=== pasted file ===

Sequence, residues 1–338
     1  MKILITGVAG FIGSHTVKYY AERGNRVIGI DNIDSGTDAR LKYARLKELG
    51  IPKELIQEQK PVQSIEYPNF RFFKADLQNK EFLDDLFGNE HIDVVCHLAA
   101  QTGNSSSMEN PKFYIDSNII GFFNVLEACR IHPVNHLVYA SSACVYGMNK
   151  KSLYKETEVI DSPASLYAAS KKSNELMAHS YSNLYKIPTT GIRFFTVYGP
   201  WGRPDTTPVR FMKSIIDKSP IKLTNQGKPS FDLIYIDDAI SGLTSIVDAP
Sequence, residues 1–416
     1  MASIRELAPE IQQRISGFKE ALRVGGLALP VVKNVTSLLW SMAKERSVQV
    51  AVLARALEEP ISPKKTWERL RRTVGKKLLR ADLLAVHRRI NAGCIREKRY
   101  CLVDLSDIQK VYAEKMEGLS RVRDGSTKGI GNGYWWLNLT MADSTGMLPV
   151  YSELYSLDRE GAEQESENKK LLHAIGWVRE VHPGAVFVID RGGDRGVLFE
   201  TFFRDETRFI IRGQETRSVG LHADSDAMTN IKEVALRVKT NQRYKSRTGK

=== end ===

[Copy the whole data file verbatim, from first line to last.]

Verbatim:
Sequence, residues 1–338
     1  MKILITGVAG FIGSHTVKYY AERGNRVIGI DNIDSGTDAR LKYARLKELG
    51  IPKELIQEQK PVQSIEYPNF RFFKADLQNK EFLDDLFGNE HIDVVCHLAA
   101  QTGNSSSMEN PKFYIDSNII GFFNVLEACR IHPVNHLVYA SSACVYGMNK
   151  KSLYKETEVI DSPASLYAAS KKSNELMAHS YSNLYKIPTT GIRFFTVYGP
   201  WGRPDTTPVR FMKSIIDKSP IKLTNQGKPS FDLIYIDDAI SGLTSIVDAP
Sequence, residues 1–416
     1  MASIRELAPE IQQRISGFKE ALRVGGLALP VVKNVTSLLW SMAKERSVQV
    51  AVLARALEEP ISPKKTWERL RRTVGKKLLR ADLLAVHRRI NAGCIREKRY
   101  CLVDLSDIQK VYAEKMEGLS RVRDGSTKGI GNGYWWLNLT MADSTGMLPV
   151  YSELYSLDRE GAEQESENKK LLHAIGWVRE VHPGAVFVID RGGDRGVLFE
   201  TFFRDETRFI IRGQETRSVG LHADSDAMTN IKEVALRVKT NQRYKSRTGK